National Cervical Screening Programme

Freephone 0800 729 729
The National Cervical Screening Programme (NCSP) is delivered by a large number of providers across the screening pathway, from health promotion to cervical screening and treatment services.
Information on our website about the HPV screening programme is currently in the process of being updated. Please be aware that the below information may be outdated as we transition to new HPV primary screening process. Our team is working hard to ensure the most accurate and up to date details are made available. We anticipate having this new information live by the end of June.

For consumer information

If you're looking for information about cervical screening, visit Time to Screen or phone 0800 729 729.

If you need help finding support to screen, you will find information here: Screening Support Services.

Across the country there are approximately 7300 smear takers, mostly general practitioners and nurses and seven laboratories providing cytology, HPV and histology testing services to the programme.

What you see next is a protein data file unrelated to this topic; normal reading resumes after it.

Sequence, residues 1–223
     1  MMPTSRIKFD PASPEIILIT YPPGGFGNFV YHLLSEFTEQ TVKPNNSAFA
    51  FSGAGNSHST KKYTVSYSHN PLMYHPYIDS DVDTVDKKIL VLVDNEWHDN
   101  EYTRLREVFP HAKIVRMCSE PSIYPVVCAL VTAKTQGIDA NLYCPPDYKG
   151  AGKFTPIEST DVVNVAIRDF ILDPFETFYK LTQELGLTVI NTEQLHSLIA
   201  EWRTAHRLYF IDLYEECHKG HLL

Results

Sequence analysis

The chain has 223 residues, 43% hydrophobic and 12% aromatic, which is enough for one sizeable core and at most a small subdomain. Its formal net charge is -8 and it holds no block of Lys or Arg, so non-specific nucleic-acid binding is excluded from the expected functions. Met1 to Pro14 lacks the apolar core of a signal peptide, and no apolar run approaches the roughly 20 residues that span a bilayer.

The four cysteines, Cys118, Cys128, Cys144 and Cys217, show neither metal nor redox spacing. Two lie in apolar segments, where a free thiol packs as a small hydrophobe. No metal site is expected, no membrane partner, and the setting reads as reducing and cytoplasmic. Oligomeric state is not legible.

The 20 district health boards (DHBs) are contracted by the NSU to provide colposcopy services. There is also the option to be seen privately for colposcopy.

Fifteen DHBs provide NCSP regional services, including regional coordination of NCSP services, health promotion, and liaison with key organisations and people relevant to cervical screening. Thirteen of the 20 DHBs have been contracted to provide NCSP-Register services. 

The National Screening Unit (NSU) also contracts 12 independent service providers to provide screening support services for those who need additional support to be screened or attend colposcopy services.

From July 2023, the primary test for cervical screening will change from cytology (testing the cells of the vagina or cervix) to human papillomavirus (HPV) testing, with the option of self-testing.

In November 2019 the NCSP raised the recommended starting age for screening to 25 years for any person with a cervix or vagina who has ever been sexually active. People aged 20–25 years who have already started screening, including those with abnormal cytology, will continue to be recalled and managed as advised by their health provider in accordance with the NCSP Guidelines.

Since the NCSP began in 1990 the incidence of cervical cancer has decreased by about 50 percent. In 2017 the incidence of cervical cancer was 6.1 per 100,000 women.

There has also been a steady decline in cervical cancer mortality since the NCSP began of about 60 percent. In 2016 cervical cancer mortality was 1.7 per 100,000 women.

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Page last updated: 05 October 2022